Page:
DH 85 Leopard Moth (oz9342)


DH 85 Leopard Moth (oz9342) by Bill Warner 1967 - plan thumbnail

About this Plan

DH 85 Leopard Moth. Free flight rubber scale model. Plan shows reduction drive using slot car gears.

Quote: "Free flight rubber-powered scale at its very best, fine scale subject developed by one of country's better scale designers. De Havilland's Moths of one version or another have been winning scale contests at the Nats and local meets since the 1930s. By BILL WARNER.

The first time I saw the Leopard Moth with its characteristic DeHavilland tail and graceful lines was in May 1935 Flying Aces. This small, rubber-powered model by Avrum Zier was really the inspiration for one of the most interesting models I have ever built. Further inspiration was supplied by Stephen Lambert's succesful Puss Moth (oz6282) in the July 1957 MAN; Ron Moulton's article in his book, 'Flying Scale Models' which dealt with gear-driven rubber models; and PG Cooksley's 3-view Moth drawings in the Sept 1963 Model Aircraft. I mention the above to give credit where it is due, and to help you find more information should you become a Leopard Moth fan. I am also indebted to the DeHavilland Aircraft Co Ltd for their cooperation in furnishing a copy of the original GA 3-view drawing, which, I must admit, was less helpful than the more accurate Cooksley drawings.

The DH 85 was a precocious youngster, winning the British King's Cup race at the tender age of six weeks in 1933. The same characteristics which made it an outstanding aircraft of that day also recommend it highly today. The graceful, tapered wings and distinctive tail combine with the deep nose cowling covering a 200 hp Gipsy Six to say 'DeHavilland' to even the least astute abserver. No Piper Cub, this.

This is no model for the beginner, but rather one for the modeler who has built a few simple rubber ships and wants to explore something a bit more exotic (short of a radio-controlled autogyro). It was not designed to win contests, although flights of one to two minutes are possible. It was designed to be consistently stable in flight, give a realistic general appearance, and perform in a reasonable manner as compared to the usual endurance rubber scale job. The stability in flight was accomplished by adding a bit of dihedral to the tapered wings with their natural wash-out effect, increasing the stab area, using Williams Brothers plastic wheels for pendulum effect, and keeping the weight well forward for penetration. Torque was minimized by turning a small prop at high speed driven through gears. This also allowed scale-length landing gear to be used with aimple prop clearance. It was decided to use two rubber motors, kept short and forward to eliminate that old bugaboo, CG shift due to rubber knotting up near the tail.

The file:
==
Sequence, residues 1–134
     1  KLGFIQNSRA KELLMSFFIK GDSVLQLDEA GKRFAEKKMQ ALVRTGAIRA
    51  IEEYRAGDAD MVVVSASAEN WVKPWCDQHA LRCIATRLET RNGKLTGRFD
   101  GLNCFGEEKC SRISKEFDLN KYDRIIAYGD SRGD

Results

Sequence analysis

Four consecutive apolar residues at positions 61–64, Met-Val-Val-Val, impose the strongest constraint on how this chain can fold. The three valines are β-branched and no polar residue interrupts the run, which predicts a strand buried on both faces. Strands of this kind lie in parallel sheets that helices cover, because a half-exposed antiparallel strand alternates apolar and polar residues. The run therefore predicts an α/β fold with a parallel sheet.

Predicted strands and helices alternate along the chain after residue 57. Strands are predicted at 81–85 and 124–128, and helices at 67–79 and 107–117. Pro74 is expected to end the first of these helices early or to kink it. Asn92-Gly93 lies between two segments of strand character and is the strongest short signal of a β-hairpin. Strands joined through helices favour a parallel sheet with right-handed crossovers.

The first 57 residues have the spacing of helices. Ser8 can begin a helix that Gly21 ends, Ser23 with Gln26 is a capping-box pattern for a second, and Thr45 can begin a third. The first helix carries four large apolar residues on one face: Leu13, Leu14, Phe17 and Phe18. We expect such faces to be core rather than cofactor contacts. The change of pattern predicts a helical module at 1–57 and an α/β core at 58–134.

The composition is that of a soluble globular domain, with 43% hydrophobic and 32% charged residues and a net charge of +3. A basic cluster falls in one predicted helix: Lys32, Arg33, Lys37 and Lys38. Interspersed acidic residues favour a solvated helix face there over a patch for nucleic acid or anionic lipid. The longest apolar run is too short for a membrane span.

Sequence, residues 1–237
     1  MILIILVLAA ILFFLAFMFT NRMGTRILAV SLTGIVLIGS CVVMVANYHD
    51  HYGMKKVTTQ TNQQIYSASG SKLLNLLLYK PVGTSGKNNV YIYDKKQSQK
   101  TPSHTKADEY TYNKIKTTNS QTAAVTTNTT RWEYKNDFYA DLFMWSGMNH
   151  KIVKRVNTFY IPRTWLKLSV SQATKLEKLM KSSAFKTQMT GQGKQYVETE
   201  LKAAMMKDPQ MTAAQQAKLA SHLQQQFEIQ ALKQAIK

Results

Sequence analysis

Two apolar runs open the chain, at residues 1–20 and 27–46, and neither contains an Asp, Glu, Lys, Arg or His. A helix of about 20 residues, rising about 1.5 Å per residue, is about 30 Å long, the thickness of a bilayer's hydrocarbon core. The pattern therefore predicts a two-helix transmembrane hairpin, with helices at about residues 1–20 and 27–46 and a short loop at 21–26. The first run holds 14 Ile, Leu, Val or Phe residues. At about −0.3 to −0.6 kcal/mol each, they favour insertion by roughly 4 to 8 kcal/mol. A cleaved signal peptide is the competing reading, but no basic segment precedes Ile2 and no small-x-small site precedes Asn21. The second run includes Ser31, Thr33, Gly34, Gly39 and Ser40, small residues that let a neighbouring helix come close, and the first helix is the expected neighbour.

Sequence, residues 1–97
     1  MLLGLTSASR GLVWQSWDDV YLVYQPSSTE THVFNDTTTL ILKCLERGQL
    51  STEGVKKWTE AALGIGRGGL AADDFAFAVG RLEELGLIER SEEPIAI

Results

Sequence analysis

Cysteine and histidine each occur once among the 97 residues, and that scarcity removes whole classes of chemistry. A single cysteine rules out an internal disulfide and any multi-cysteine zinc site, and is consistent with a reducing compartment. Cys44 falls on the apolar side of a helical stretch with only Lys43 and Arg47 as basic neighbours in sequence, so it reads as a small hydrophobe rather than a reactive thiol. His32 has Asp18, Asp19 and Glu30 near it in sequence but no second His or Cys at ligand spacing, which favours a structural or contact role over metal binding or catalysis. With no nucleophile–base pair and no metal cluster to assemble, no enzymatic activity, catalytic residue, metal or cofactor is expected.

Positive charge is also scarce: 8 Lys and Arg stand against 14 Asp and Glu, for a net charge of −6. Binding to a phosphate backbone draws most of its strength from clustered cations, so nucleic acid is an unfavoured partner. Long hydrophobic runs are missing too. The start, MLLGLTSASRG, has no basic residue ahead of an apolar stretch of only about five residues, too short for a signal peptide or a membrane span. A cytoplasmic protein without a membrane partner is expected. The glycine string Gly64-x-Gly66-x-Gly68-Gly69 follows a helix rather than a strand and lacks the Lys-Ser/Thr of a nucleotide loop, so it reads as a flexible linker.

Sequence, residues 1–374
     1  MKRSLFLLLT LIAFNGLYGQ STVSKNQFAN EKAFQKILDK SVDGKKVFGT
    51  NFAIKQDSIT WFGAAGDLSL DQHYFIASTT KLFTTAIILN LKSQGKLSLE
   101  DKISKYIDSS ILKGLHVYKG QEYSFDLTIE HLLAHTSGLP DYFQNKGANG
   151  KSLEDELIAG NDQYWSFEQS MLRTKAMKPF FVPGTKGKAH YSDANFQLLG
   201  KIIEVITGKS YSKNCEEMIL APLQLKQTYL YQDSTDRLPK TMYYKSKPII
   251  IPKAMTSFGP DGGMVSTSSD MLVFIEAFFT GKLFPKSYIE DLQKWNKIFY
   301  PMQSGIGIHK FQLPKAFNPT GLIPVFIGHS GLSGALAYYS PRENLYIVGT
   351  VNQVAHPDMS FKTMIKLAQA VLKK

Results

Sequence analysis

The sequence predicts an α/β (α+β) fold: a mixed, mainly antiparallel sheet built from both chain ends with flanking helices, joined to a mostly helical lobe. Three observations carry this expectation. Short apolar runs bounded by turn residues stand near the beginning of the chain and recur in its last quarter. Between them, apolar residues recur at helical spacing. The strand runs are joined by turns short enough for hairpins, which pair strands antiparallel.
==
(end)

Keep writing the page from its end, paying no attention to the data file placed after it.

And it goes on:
The ship is rock-steady in the air, with air almost perfect scale speed throughout the flight due to the smoothing-out effect of drive through gears. I am sure that the model would perform in an equally fine manner using the Cox Tee-Dee .020 engine for those who do not wish to go through the exercise of building the nose assembly..."

Quote: "Drawing traced and inked by Vic Harden, 4-67."

Update 23/10/2017: added article, thanks to RFJ.

Supplementary file notes



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DH 85 Leopard Moth (oz9342) by Bill Warner 1967 - model pic


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DH 85 Leopard Moth (oz9342) by Bill Warner 1967 - pic 003.jpg
DH 85 Leopard Moth (oz9342) by Bill Warner 1967 - pic 004.jpg

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User comments

Many thanks to pit for confirming this is from Nov 67 MAN. Does anyone have the article for this one?
SteveWMD - 21/10/2017
Thanks Ray.
SteveWMD - 24/10/2017
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